• The mayor proposes new agreements between the city and the Riverparks Authority.
  • Teach for America brings Spring Break students to Tulsa.
  • The western Oklahoma wildfires are out.

In the local news:

  • Two teenagers are dead and third hospitalized following a shooting in Northwest Tulsa.
  • Governor Fallin seeks help for burned out Oklahoma ranchers.
  • Oklahoma's divorce rules could be drastically changed under legislation in the state house.

In the local news:

  • State Lawmakers roll back correction reform measures approved by voters.
  • Additional budget cuts would cripple the Highway Patrol.
  • Winds calm as the western Oklahoma wildfires continue burning.

In the local news:

  • A Mumps outbreak is confirmed in Tulsa County.
  • Wild fires continue to burn in western Oklahoma.
  • Debate gets heated on "Blue Lives Matter' legislation at the State Capitol.

In the local news:

  • Two are dead as wildfires continue to burn in Oklahoma.
  • An enrollment meeting for the Zarrow International School is halted as tempers flare.
  • A murder suspect is arrested in Rogers County

In the local news:

  • Storms cause problems and damage across the region.
  • No school in Verdigris as the community searches for a suspected killer.
  • Shots taken at Tulsa's Equality Center.

In the local news:

  • Trump Administration policies are making Tulsa's immigration population nervous.
  • An overnight fire destroys a horse boarding facility in Broken Arrow.
  • Teacher pay hikes no look unlikely in the legislature.

In the local news:

  • More Tulsa County Flu deaths.
  • The Governor signs the REAL ID Act.
  • A burned food pantry at Turley vows to continue its mission.

In the local news:

  • The Tulsa City Council approves the Helmerich Park deal.
  • A fire destroys a Turley community center and food bank.
  • The 'For Sale' sign is down in front of the GRDA.

In the local news:

  • REAL ID heads to the Governor.
  • Revitalization is underway at the old Tulsa Club.
  • No surprise. Oklahoma's all Republican delegation in Washington liked the President's speech.

In the local news:

  • A school consolidation study passes a state senate committee.
  • Gasoline prices jump 15 cents in Tulsa.
  • School leftovers could be given to Oklahoma food banks.

In the local news:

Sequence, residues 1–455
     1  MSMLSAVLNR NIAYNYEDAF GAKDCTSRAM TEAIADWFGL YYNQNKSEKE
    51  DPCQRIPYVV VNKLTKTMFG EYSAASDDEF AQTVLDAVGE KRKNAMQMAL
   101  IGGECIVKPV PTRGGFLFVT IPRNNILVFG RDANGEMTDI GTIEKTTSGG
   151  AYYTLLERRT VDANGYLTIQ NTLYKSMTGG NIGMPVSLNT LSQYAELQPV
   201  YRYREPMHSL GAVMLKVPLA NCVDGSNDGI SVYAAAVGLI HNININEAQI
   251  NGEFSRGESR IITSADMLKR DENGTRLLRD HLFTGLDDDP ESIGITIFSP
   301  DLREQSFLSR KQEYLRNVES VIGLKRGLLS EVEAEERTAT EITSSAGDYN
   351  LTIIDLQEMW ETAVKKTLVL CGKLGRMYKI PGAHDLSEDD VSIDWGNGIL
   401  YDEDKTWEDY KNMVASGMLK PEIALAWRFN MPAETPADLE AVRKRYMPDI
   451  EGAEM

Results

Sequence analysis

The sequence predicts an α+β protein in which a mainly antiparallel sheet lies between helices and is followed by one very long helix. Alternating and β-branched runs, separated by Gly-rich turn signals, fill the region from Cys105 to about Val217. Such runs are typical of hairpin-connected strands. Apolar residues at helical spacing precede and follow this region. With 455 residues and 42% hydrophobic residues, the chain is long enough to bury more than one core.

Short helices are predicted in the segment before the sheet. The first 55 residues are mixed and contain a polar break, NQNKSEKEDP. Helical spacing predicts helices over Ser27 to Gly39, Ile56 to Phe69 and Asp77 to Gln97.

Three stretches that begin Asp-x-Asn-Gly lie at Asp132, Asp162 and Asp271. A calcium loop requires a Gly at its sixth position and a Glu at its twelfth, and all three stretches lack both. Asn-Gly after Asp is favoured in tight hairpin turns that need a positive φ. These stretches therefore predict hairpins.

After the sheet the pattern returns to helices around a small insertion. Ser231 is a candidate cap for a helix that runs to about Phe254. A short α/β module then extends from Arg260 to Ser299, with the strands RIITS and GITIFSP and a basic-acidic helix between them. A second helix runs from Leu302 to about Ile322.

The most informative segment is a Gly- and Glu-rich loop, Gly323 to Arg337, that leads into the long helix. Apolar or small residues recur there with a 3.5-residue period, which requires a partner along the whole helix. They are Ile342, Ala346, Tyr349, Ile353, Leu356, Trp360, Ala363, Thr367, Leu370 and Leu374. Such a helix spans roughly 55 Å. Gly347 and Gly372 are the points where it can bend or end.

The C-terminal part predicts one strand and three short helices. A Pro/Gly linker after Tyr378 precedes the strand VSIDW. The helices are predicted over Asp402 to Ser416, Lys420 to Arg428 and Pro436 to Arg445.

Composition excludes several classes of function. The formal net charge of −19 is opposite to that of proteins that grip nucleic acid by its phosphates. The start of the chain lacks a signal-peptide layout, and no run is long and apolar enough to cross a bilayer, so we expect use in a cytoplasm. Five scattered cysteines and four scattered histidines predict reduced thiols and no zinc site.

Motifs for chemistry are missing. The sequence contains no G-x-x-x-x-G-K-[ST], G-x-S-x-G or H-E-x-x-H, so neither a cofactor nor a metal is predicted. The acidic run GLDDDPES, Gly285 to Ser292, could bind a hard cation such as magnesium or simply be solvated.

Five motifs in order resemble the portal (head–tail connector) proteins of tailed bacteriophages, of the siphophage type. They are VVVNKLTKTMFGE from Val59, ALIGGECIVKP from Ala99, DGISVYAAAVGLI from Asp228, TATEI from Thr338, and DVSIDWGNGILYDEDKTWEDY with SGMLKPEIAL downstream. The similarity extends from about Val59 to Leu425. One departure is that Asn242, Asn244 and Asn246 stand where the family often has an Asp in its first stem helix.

• The cash-strapped state needs a new medical lab.
  • An environmental group comes out against a proposed 'wind tax'.
  • Tulsa gasoline is the cheapest in the nation.

In the local news:

  • A proposal clears a state senate committee to relocate an Oklahoma Veterans' Home.
  • The state school board is briefed on the revenue shortage.
  • A gas well explosion injures four in Wagoner County.

KWGS News

Tulsa elementary students crowd into the auditorium at Will Rogers College High School. They are there to learn and show off their skills in a partnership with the Tulsa Symphony Orchestra.

For more than 30 years, Carnegie Hall Link Up has paired orchestras with students in grades 3-5 to explore orchestral repertoire and fundamental musical skills, including creative work and composition, through a hands-on music curriculum. Tulsa Symphony became a Link Up partner in the 2015-16 season.

In the local news:

  • A senate committee approves REAL ID.
  • Pruitt's emails show a cozy relationship with fossil fuel.
  • Repeal of the ACA is making low income health care providers nervous.

In the local news:

  • The latest on the Oklahoma Budget.
  • The Tulsa School Board welcomes a new member.
  • A Helmerich Park vote is delayed by the City Council.

KWGS News File Photo

Here are the first two parts of our special news series:  

In the local news:

  • The Tulsa City Council considers what to do with Helmerich Park.
  • Mike Hunter will replace Scott Pruitt as Oklahoma's Attorney General.
  • Another revenue failure is expected for Oklahoma.

This is part one of a three part series looking at the craft of journalism.